Sentinel Rock is integral to many Nevada Tribes’ worldview and ceremony. The area was the site of two massacres of Paiute and Shoshone people. The first was an inter-tribal conflict that gave the area it’s Paiute name: Peehee Mu’huh, or rotten moon. The second was a surprise attack by the US Cavalry on September 12th, 1865, during which the US Army slaughtered dozens. One of the only survivors of the attack was a man named Ox Sam. It is some of Ox Sam’s descendants, the Grandmas, that formed Ox Sam Newe Momokonee Nokotun (Indigenous Women’s Camp) to protect this sacred land for the unborn, to honor and protect the remains of their ancestors, and to conduct ceremonies. Water protectors have been on-site in prayer for nearly a month.
On Monday, Lithium Nevada Corporation also attempted to breach the space occupied by the water protectors. As workers maneuvered trenching equipment into a valley between the two tipis, water protectors approached the attempted work site and peacefully forced workers and their excavator to back up and leave the area. According to one anonymous land defender, Lithium Nevada’s action was “an attempted show of force to fully do away with our tipi and prayer camp around Sentinel Rock.”
Ranchers, recreationists, and members of the public have been allowed to pass without incident and water protectors maintain friendly relationships with locals. Opposition to the mine is widespread in the area, and despite repeated warnings from the local Sheriff, there have been no arrests. Four people, including Dorece Sam Antonio of the Fort McDermitt Paiute-Shoshone Tribe (an Ox sam descendant) and Max Wilbert of Protect Thacker Pass, have been targeted by court orders barring them from the area. They await a court hearing in Humboldt County Justice Court.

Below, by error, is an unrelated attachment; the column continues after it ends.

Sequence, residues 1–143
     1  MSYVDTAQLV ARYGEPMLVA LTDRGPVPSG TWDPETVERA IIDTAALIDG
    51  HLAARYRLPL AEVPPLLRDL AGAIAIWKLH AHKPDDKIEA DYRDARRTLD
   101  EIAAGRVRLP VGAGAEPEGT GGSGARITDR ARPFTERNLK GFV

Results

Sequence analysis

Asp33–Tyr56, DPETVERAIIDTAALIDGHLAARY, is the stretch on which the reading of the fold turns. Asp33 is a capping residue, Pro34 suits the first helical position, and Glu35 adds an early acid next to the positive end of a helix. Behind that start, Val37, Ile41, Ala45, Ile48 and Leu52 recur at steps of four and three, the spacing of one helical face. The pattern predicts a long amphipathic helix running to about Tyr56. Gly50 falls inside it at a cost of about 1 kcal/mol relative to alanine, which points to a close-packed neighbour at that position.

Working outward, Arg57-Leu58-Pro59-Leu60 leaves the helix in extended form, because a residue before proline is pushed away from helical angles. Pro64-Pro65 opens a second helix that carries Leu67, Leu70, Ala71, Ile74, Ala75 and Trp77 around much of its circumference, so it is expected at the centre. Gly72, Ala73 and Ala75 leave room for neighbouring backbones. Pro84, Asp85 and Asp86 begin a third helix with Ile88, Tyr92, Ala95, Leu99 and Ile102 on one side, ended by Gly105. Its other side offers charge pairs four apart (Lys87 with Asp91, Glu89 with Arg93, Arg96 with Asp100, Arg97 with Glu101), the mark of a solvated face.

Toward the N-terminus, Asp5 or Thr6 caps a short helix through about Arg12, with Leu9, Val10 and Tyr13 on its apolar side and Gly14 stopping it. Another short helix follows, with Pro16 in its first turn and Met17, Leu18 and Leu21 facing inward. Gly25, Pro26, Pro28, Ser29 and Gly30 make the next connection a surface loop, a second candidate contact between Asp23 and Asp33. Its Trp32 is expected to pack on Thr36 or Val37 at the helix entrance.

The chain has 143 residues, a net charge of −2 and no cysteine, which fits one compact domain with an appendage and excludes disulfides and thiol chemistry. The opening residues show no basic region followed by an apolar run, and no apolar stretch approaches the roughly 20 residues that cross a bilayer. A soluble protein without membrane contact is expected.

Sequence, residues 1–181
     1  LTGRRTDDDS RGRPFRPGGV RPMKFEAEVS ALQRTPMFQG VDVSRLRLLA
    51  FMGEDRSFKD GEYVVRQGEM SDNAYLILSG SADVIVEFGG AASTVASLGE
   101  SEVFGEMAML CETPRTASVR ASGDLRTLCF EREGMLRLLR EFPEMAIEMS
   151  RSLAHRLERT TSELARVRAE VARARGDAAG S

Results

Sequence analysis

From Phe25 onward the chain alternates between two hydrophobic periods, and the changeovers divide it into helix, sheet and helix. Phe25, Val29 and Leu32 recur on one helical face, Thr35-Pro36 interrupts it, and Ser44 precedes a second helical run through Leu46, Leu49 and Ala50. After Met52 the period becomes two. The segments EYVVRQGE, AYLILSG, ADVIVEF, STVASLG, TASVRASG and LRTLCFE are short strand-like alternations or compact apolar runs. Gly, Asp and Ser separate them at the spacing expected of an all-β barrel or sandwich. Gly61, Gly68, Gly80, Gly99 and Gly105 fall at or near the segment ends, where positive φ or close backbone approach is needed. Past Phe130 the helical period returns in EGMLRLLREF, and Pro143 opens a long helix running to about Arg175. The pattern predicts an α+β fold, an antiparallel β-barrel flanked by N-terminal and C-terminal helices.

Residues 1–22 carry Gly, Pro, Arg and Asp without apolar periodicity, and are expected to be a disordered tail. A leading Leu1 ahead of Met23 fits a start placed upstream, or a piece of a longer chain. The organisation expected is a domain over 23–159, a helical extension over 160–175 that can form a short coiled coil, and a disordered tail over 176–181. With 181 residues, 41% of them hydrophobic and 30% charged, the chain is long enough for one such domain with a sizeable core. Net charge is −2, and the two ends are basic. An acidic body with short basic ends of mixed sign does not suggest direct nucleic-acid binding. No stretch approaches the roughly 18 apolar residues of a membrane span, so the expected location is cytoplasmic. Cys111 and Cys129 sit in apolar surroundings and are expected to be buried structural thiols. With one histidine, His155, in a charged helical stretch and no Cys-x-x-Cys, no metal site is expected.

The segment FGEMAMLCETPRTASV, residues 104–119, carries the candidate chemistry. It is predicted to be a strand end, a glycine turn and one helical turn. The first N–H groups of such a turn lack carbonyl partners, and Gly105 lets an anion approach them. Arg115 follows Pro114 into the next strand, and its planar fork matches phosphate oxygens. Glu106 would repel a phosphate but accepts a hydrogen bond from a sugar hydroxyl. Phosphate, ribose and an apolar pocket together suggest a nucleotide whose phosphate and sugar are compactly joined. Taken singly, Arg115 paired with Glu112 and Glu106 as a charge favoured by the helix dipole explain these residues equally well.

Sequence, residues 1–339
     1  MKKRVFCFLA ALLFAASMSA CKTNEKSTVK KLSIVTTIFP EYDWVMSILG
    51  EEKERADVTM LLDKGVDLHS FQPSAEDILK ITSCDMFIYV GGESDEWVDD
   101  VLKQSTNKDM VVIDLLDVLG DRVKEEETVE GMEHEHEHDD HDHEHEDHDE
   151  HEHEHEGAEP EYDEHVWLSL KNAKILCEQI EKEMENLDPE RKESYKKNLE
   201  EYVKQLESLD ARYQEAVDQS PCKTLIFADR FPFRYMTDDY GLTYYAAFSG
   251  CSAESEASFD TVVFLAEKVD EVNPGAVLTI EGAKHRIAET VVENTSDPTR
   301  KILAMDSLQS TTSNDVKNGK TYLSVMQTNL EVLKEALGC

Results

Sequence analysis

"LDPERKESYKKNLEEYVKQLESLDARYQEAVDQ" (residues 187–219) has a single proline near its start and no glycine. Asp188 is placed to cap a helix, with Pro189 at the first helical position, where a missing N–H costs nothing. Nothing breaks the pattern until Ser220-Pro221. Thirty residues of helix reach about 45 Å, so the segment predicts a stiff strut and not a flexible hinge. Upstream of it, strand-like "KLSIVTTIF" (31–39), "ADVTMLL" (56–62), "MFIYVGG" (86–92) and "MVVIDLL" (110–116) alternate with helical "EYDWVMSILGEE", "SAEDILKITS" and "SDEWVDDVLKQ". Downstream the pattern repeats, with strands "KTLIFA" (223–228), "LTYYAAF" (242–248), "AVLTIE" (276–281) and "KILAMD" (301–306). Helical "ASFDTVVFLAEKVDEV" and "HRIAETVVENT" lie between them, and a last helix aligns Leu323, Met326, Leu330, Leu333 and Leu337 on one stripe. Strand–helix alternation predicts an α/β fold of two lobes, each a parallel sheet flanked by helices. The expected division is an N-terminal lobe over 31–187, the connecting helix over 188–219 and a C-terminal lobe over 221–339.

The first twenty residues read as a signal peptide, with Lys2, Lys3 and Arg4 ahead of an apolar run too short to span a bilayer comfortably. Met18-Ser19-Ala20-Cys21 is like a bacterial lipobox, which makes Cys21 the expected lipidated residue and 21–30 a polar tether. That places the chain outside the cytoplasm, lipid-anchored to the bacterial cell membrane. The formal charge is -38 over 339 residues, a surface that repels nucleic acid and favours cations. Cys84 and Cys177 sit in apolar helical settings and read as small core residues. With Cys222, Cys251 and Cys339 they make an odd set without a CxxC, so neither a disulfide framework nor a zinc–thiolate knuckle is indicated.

“Lithium Nevada is fencing around the sacred site Sentinel Rock to disrupt our access and yesterday was an escalation to justify removal of our peaceful prayer camps,” said one anonymous water protector at Ox Sam Camp. “Lithium Nevada intends to desecrate and bulldoze the remains of the ancestors here. We are calling out to all water protectors, land defenders, attorneys, human rights experts, and representatives of Tribal Nations to come and stand with us.”
“I’m being threatened with arrest for protecting the graves of my ancestors,” says Dorece Sam Antonio. “My great-great Grandfather Ox Sam was one of the survivors of the 1865 Thacker Pass massacre that took place here. His family was killed right here as they ran away from the U.S. Army. They were never buried. They’re still here. And now these bulldozers are tearing up this place.”
Another spiritual leader on the front lines has been Dean Barlese, a spiritual leader from the Pyramid Lake Paiute Tribe. Despite being confined to a wheelchair, Barlese led prayers at the site on April 25th (shutting down construction for a day) and returned on May 11th.
“I’m asking people to come to Peehee Mu’huh,” Barlese said. “We need more prayerful people. I’m here because I have connections to these places. My great-great-great grandfathers fought and shed blood in these lands. We’re defending the sacred. Water is sacred. Without water, there is no life. And one day, you’ll find out you can’t eat money.”
The 1865 Thacker Pass massacre is well documented in historical sources, books, newspapers, and oral histories. Despite the evidence but unsurprisingly, the Federal Government has not protected Thacker Pass or even slowed construction of the mine to allow for consultation to take place with Tribes. In late February, the Federal Government recognized tribal arguments that Thacker Pass is a “Traditional Cultural District” eligible for the National Register of Historic Places. But that didn’t stop construction from commencing.
“This is not a protest, it’s a prayer,” said Barlese. “But they’re still scared of me. They’re scared of all of us elders, because they know we’re right and they’re wrong.”